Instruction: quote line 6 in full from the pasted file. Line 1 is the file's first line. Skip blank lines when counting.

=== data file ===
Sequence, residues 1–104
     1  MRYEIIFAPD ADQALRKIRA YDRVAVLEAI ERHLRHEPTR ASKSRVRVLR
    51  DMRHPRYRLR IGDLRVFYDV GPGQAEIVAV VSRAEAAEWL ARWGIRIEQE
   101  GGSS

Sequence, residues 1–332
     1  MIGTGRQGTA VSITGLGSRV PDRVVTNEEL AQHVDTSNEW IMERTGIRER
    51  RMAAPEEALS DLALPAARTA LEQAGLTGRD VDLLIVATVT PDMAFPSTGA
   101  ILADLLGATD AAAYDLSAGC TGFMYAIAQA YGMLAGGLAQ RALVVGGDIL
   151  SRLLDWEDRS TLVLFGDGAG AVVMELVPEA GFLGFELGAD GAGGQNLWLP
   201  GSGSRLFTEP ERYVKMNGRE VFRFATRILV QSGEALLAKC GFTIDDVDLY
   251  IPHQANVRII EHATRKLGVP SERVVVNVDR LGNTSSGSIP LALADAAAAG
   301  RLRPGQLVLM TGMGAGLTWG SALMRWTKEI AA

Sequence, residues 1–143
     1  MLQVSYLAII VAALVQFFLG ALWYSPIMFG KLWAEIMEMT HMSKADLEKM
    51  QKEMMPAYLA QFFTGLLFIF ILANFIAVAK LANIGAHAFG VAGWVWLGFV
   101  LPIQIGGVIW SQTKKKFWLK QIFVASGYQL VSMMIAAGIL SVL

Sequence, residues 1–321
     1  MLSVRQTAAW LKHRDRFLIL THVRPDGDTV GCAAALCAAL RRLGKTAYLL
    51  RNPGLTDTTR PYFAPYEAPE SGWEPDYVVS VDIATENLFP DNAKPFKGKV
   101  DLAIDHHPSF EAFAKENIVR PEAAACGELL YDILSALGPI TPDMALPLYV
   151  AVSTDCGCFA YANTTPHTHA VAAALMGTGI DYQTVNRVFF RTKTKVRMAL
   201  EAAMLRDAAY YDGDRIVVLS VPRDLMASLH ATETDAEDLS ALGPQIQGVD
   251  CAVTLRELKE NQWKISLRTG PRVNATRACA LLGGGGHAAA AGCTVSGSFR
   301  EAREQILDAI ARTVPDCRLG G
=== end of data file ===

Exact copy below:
     1  MIGTGRQGTA VSITGLGSRV PDRVVTNEEL AQHVDTSNEW IMERTGIRER